Marketers have known for a while that they need to find opinion leaders discussing their products on social networks if they want to control their branding message. But new research says there are different kinds of opinion leaders, with two types giving brands distinctly different but equally valuable types of information.
The research by Carolin Kaiser and Freimut Bodendorf of the University of Erlangen-Nuremberg was published last month in Internet Research, an academic journal, and used text-mining algorithms to track discussions about Apple’s iPhone products on 17 German websites and social networks. For a decade, researchers have been looking at online opinion leaders and how a handful of people can influences the opinions of large groups of people, but Kaiser and Bodendorf were able to identify two key types of opinion leaders in social networks: discussion leaders and knowledge leaders.
Why It’s Important
Previous studies have found that 34% of Twitter users and 22% of Facebook users post opinions on products at least once a week, and those opinions have a big impact on purchasing decisions. In fact, people weigh online recommendations from other consumers equally to their own experience, and a 2009 study suggested they may place more weight on online recommendations than offline recommendations from friends when making purchasing decisions.
All of this has put a greater emphasis by marketers to figure out what people are saying about their products in online forums and to try to influence that. Just five years ago, that was a relatively easy task, as influence in different sectors was usually confined to a handful of bloggers. Now, however, big brands can have thousands of opinion leaders influencing opinions about their product, and those opinion leaders are often spread out over a wide range of social networks and online forums.
Social networks have also put greater weight on the types of relationships between people within a network, and analyzing those relationships has not been addressed in more than a handful of empirical studies.
Kaiser and Bodendorf used a series of algorithms to mine forum discussions and found that there were several different types of discussion leaders. Two in particular stood out in their ability to influence consumer opinions: discussion leaders, who tended to exchange lots of statements with other users about a product, and knowledge leaders, who had a high level of expertise and ended up answering lots of questions about products.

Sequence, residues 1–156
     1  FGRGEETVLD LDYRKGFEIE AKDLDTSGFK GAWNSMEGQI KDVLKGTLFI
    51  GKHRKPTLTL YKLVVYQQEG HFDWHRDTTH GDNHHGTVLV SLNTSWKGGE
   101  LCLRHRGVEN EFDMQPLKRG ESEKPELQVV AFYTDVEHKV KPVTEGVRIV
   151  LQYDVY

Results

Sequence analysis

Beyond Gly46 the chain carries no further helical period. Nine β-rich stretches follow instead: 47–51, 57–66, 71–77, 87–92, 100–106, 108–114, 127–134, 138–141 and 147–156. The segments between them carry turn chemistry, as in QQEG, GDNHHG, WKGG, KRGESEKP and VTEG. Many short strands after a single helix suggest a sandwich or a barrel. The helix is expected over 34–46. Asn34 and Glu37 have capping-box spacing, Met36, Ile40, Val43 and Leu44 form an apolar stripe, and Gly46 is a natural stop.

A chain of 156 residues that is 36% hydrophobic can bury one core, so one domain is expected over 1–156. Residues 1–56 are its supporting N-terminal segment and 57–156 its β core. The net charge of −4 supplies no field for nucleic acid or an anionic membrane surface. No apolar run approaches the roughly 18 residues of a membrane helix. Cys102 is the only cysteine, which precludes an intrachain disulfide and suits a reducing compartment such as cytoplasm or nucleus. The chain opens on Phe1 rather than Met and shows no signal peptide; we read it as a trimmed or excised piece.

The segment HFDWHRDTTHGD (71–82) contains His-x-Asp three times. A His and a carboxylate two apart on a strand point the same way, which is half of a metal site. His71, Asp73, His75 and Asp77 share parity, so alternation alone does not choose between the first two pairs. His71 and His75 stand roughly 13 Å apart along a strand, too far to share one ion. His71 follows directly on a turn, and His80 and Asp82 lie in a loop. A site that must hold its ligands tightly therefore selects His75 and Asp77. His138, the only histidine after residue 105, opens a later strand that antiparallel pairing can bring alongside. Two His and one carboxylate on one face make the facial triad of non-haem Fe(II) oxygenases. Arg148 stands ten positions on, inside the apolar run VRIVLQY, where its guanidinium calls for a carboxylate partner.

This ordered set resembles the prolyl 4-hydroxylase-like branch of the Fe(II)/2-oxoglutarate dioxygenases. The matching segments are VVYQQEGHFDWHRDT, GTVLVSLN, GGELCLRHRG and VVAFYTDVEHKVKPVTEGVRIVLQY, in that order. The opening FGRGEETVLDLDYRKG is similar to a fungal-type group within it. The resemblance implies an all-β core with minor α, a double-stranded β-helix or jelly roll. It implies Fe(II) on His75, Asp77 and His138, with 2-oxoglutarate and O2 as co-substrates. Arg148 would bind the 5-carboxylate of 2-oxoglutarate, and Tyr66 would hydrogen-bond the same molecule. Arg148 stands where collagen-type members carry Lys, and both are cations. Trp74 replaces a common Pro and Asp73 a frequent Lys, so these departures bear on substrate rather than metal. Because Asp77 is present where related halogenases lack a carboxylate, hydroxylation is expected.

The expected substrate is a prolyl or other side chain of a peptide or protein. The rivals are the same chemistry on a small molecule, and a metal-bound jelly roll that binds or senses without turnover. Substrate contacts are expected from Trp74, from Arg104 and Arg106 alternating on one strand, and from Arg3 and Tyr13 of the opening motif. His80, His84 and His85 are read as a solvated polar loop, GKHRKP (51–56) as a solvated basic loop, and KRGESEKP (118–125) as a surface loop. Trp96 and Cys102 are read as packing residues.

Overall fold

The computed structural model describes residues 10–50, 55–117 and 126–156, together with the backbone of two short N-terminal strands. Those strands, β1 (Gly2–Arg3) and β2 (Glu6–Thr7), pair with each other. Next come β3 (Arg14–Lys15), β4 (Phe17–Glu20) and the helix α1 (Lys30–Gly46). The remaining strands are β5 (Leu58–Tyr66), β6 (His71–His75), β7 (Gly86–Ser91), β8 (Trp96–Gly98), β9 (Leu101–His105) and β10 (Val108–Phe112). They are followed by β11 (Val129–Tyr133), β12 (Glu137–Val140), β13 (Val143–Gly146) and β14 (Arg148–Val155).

Discussion leaders tend to be in central positions in social networks and also tend to spend time trying to get people to share their opinions. As a result, there tends to be a lot of agreement between discussion leaders and the people they interact with in online social networks.
For that reason, Kaiser and Bodendorf argued, discussion leaders can be valuable in helping marketers spread positive opinions about their product or brand.
“Marketers should monitor the opinions of discussion leaders continuously in order to estimate the opinion development of the network at an early stage. Marketing managers can exploit the influence of positive-oriented discussion leaders to spread information on their products,” Kaiser and Bodendorf wrote. “In addition, they can try to win neutral discussion leaders by providing them with free samples. Negative-oriented discussion leaders can be countered by discussion.”
Knowledge leaders know a product; as a result, users often ask them direct questions. There tends to be less agreement in opinion between knowledge leaders and the people they interact with, as knowledge leaders are more apt to allow and consider opinions that differ from their own.
“Due to their expert knowledge, weaknesses and strengths of products can be recognized on the basis of their opinions,” Kaiser and Bodendorf said. “Thus, valuable information for product improvement can be gained.”